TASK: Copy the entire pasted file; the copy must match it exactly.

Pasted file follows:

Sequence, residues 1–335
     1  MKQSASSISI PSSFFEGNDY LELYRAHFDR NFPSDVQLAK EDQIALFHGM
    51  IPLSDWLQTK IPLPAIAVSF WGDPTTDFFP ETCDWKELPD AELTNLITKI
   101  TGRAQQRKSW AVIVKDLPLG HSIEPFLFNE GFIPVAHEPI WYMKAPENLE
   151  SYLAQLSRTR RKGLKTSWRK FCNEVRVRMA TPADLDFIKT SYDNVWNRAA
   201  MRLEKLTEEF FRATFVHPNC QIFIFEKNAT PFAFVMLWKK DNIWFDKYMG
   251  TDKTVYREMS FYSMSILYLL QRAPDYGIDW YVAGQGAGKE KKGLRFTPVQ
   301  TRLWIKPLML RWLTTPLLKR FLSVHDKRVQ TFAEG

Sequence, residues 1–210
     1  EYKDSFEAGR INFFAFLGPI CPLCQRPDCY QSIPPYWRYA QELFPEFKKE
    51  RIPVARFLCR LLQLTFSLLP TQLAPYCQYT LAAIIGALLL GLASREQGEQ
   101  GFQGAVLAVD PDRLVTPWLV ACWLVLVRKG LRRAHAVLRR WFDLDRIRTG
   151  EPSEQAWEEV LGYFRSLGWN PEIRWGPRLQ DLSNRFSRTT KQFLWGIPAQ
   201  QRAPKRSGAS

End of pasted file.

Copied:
Sequence, residues 1–335
     1  MKQSASSISI PSSFFEGNDY LELYRAHFDR NFPSDVQLAK EDQIALFHGM
    51  IPLSDWLQTK IPLPAIAVSF WGDPTTDFFP ETCDWKELPD AELTNLITKI
   101  TGRAQQRKSW AVIVKDLPLG HSIEPFLFNE GFIPVAHEPI WYMKAPENLE
   151  SYLAQLSRTR RKGLKTSWRK FCNEVRVRMA TPADLDFIKT SYDNVWNRAA
   201  MRLEKLTEEF FRATFVHPNC QIFIFEKNAT PFAFVMLWKK DNIWFDKYMG
   251  TDKTVYREMS FYSMSILYLL QRAPDYGIDW YVAGQGAGKE KKGLRFTPVQ
   301  TRLWIKPLML RWLTTPLLKR FLSVHDKRVQ TFAEG

Sequence, residues 1–210
     1  EYKDSFEAGR INFFAFLGPI CPLCQRPDCY QSIPPYWRYA QELFPEFKKE
    51  RIPVARFLCR LLQLTFSLLP TQLAPYCQYT LAAIIGALLL GLASREQGEQ
   101  GFQGAVLAVD PDRLVTPWLV ACWLVLVRKG LRRAHAVLRR WFDLDRIRTG
   151  EPSEQAWEEV LGYFRSLGWN PEIRWGPRLQ DLSNRFSRTT KQFLWGIPAQ
   201  QRAPKRSGAS